Having come home from Kenya yesterday, and spent a pretty lazy day doing not much except unpacking, telling the stories, watching the rain, and enjoying being with the family again, today I had to face up to the fact that some shopping needed to be done.
I was awake early, so decided to go and 'do Tesco' whilst it was still quiet, but still I found the whole experience very hard, despite the fact that I am the person who normally does the shopping in our house. The massive amount of choices for each type of food was just overwhelming and I kept thinkiing of those children in Kibera who have no choices about what to eat. For them, any food is a luxury, and they certainly wouldn't consider being picky about whether to have Kelloggs Cornflakes or Tesco own-brand etc.
I tell that story as an example of the reverse culture-shock we will probably all go through at some point in the next few days, weeks and months. There might be times when you feel guilty about all that you have, or you might get wound up by people bemoaning what they don't have, or quibbling over something that you now consider to be petty and trivial. People might not want to hear as many stories of the trip as you want to tell, and others might just 'not get it'.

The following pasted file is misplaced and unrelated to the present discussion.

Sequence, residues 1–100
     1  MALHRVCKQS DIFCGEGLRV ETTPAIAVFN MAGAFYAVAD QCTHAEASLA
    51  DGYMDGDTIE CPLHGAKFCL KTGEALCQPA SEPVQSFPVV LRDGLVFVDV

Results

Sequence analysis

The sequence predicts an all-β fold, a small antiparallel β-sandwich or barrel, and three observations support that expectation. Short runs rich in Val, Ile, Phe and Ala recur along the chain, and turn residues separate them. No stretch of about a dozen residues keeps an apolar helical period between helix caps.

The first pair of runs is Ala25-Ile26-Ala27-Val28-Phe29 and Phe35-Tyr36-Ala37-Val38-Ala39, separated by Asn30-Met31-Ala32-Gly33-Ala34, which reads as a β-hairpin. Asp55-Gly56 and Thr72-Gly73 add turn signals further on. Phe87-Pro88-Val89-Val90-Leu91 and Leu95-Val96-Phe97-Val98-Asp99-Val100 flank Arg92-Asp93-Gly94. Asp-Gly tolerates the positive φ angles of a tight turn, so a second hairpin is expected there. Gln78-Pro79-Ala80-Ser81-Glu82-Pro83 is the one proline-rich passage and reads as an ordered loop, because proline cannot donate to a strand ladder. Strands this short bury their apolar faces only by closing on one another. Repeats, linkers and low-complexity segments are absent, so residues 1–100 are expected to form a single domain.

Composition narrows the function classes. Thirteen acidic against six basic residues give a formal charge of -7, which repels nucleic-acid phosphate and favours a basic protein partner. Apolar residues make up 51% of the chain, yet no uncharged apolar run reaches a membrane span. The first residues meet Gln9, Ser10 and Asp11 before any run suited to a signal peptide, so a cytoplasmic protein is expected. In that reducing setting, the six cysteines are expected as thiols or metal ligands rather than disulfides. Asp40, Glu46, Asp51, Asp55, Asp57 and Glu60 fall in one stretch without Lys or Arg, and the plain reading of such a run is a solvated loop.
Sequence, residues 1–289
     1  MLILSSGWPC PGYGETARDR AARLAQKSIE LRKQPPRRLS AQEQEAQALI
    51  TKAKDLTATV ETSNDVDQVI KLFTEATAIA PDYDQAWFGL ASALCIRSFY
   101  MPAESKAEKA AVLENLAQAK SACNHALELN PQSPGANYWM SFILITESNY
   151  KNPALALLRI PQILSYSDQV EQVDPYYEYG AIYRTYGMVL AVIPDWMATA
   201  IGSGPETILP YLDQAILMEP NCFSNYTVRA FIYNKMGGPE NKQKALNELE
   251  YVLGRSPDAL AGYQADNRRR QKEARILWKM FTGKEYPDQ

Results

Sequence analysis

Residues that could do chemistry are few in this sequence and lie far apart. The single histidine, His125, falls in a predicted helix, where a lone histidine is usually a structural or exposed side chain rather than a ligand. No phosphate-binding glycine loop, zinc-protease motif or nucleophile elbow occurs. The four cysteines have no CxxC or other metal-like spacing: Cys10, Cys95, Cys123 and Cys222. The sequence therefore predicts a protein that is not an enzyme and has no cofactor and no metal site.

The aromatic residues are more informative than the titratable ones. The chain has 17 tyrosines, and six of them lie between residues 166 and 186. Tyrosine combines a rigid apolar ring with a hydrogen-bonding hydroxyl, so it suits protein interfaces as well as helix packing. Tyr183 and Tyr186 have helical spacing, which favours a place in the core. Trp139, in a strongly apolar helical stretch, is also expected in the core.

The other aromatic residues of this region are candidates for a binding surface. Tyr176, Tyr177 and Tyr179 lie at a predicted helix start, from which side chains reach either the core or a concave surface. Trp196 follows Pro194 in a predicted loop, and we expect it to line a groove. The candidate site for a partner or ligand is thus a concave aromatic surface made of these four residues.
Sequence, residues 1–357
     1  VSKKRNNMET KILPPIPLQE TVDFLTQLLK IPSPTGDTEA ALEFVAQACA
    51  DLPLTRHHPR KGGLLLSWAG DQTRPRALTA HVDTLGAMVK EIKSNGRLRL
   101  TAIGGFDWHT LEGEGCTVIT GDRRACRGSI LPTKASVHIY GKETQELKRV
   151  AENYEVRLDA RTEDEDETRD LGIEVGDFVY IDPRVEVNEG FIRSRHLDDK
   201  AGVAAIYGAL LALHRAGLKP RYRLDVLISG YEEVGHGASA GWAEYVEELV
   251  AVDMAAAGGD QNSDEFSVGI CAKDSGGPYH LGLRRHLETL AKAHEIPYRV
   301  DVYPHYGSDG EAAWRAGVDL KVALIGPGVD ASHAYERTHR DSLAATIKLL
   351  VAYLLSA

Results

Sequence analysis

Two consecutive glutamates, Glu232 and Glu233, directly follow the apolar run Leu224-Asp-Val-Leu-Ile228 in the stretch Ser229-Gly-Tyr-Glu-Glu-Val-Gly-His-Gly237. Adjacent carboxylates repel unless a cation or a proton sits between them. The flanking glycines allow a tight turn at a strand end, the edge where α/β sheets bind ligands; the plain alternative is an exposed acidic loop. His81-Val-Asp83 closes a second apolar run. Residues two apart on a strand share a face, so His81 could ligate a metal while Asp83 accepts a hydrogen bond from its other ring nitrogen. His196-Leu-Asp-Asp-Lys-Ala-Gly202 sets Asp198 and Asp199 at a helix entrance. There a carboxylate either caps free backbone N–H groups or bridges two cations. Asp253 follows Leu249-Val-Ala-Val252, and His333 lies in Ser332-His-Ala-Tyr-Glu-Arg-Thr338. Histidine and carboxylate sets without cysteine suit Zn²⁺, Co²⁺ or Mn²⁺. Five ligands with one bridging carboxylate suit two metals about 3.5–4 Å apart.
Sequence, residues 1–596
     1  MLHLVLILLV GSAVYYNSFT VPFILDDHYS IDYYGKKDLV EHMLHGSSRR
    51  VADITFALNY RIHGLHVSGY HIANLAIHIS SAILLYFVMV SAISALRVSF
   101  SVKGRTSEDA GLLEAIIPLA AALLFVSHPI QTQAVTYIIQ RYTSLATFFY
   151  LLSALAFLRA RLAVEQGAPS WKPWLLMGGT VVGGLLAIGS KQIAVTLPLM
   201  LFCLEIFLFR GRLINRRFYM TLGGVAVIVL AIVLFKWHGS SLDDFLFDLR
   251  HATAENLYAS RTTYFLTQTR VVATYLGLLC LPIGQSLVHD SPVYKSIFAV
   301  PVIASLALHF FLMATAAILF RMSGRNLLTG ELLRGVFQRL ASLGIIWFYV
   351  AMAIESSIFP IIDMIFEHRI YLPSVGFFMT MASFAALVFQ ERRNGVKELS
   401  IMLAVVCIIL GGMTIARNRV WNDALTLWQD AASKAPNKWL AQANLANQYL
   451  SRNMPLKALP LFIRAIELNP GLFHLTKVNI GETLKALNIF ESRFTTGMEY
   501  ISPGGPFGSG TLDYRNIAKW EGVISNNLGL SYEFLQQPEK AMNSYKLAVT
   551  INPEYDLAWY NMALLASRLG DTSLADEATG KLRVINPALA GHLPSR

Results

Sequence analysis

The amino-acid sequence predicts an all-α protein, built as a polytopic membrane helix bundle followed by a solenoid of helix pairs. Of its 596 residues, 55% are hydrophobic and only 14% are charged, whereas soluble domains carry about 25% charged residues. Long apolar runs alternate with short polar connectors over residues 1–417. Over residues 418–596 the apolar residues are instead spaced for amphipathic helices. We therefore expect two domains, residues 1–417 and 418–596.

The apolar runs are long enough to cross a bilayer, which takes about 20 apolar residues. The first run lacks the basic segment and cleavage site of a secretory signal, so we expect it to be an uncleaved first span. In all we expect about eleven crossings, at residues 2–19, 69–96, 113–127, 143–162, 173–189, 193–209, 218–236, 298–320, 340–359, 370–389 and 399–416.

The culture shock can be just as marked coming back home as it is going overseas; and sometimes it is harder. When we go to the other place, we have all the excitement and newness to carry us through, but coming home can feel like a bit of an anti-climax once we have got past the joys of being reunited with loved ones.
My advice to you, when you feel a bit tearful, or guilty, or even just confused by the complexity of feelings, is to acknowledge those feelings as OK. Get together with others that have done the trip - go round and have a chat, or pick up the phone - and talk it through with someone who 'gets it'. And then think how you can use those feelings, and all that you have been through in the past week, for positive change.
Spurgeons need us more now we are home even than when we were there. Yes we did a great job last week, and we gave lots of children a great time, but for their ongoing survival they need more than just a sports week. The real legacy of the trip is not just in the memories we have created for the Spurgeons kids, but it is in how we tell the stories and inspire others to get involved. Can we get some children sponsored? Can we raise funds for them to do some rebuilding of the really worn out bits of the school? Don't let the trip stop now - let's take it forward and make the most of being here with lots of opportunities to be ambassadors for Spurgeons Academy.
Enjoy being home!